One of the major problems with discussions of an (alleged) natural right to the earth is the implicit background presumption that initial possession of raw material is an important determinant of wealth or welfare. Since the total supply of raw material cannot be increased, once there are lots of people around, any one person’s possession of raw material will diminish the amount of raw material available (without permission) to others. If the initial possession of raw material is a key determinant of wealth or welfare, it follows that once there are lots of people around, any one person’s possession of raw material will tend to diminish others’ prospects for wealth or welfare. Hence, the demand for some sort of initial equal distribution of raw material.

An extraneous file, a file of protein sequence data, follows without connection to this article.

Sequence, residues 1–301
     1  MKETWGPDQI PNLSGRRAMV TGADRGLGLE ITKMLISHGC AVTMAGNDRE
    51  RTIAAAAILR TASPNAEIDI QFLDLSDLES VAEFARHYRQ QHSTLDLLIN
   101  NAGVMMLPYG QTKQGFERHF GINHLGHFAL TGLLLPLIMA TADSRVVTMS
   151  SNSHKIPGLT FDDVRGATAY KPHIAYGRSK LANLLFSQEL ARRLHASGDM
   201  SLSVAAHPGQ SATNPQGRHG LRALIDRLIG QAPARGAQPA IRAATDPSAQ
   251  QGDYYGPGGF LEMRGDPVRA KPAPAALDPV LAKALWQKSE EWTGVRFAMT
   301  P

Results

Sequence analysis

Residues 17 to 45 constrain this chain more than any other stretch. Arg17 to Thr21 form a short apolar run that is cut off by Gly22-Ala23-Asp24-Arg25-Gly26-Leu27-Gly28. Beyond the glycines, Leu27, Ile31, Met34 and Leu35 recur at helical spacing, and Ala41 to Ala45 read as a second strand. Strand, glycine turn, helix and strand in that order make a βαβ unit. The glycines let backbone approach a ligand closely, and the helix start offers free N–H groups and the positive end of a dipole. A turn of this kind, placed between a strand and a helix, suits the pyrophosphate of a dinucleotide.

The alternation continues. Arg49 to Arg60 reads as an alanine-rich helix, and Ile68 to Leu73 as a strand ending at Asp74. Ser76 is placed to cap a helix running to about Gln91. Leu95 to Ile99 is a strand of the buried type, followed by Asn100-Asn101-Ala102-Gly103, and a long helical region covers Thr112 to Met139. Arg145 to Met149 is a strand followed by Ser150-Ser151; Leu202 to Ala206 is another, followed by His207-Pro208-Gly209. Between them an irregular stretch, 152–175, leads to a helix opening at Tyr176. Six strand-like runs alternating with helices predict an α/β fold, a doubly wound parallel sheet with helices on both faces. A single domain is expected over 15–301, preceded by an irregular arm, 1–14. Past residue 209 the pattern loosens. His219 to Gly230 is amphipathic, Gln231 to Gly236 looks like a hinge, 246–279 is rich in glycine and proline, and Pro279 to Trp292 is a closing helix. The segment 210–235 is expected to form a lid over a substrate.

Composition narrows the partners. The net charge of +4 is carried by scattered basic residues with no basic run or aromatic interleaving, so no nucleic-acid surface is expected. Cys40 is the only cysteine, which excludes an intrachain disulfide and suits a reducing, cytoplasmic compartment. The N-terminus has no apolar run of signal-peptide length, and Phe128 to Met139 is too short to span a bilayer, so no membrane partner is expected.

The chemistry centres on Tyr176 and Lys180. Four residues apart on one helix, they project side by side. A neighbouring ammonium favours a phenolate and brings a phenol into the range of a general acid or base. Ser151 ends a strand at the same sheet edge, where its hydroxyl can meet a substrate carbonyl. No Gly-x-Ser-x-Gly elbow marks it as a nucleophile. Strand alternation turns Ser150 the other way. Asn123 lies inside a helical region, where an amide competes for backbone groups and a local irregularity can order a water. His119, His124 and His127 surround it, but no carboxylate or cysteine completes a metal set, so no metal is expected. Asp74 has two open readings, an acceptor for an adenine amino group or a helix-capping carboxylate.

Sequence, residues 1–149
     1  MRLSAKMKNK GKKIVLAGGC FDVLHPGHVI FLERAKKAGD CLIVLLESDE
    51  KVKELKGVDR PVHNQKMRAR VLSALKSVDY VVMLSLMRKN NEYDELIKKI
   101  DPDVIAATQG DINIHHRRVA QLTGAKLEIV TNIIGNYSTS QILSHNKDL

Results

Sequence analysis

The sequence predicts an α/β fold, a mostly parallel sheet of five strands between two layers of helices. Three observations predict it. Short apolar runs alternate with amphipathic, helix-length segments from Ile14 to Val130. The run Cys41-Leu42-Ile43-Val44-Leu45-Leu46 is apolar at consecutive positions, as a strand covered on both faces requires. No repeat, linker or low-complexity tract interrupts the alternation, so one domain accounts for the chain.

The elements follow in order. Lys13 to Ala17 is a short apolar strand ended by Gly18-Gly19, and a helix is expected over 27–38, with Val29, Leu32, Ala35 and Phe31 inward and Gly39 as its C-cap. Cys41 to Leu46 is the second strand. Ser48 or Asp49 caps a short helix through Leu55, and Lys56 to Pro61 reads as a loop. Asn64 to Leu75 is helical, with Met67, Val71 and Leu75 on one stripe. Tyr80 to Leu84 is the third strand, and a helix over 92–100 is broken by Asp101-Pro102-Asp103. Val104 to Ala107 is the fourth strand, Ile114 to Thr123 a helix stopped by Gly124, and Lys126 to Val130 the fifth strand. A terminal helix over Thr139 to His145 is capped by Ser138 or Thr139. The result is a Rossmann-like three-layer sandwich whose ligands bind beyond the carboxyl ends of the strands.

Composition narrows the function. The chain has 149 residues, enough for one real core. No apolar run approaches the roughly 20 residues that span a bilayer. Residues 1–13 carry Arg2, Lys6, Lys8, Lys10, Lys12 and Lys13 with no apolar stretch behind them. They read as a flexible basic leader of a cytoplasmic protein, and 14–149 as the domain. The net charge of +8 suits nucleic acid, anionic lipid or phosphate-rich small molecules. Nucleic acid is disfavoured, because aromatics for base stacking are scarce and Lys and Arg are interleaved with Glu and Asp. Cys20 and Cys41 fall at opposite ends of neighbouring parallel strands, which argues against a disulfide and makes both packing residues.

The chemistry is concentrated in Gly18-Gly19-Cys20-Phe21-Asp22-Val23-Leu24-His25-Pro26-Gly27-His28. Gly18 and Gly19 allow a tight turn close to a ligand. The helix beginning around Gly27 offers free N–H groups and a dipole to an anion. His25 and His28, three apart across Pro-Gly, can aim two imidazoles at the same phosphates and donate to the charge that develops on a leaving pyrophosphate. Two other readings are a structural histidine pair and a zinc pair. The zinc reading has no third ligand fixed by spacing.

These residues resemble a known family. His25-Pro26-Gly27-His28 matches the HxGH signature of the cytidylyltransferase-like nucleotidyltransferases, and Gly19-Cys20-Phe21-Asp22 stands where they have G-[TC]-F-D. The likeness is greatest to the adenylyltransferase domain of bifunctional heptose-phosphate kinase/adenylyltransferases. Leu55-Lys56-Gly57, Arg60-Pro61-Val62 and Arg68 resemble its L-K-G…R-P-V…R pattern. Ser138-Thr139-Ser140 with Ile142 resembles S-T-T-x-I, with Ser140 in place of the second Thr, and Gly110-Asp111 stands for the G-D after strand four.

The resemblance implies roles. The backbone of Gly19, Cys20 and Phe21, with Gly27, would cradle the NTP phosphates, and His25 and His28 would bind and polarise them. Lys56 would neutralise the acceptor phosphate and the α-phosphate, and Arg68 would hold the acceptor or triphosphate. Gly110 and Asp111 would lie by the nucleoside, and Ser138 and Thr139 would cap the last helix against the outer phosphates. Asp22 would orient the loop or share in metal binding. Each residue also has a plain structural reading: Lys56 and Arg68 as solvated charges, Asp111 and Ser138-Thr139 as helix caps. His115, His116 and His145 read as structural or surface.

However, this background assumption is massively off-base. We all gain from others getting hold of raw materials and transforming them into resources. We (almost always) gain much more from this than we would by merely getting a first grip on raw stuff. As Locke points out, the reason that we can all end up as winners even if no raw stuff remains available for initial acquisition is that human beings are creatively productive. “This shews how much numbers of men are to be preferred to largeness of dominions… [at least when there are] … established laws of liberty to secure protection and encouragement to the honest industry of mankind.”14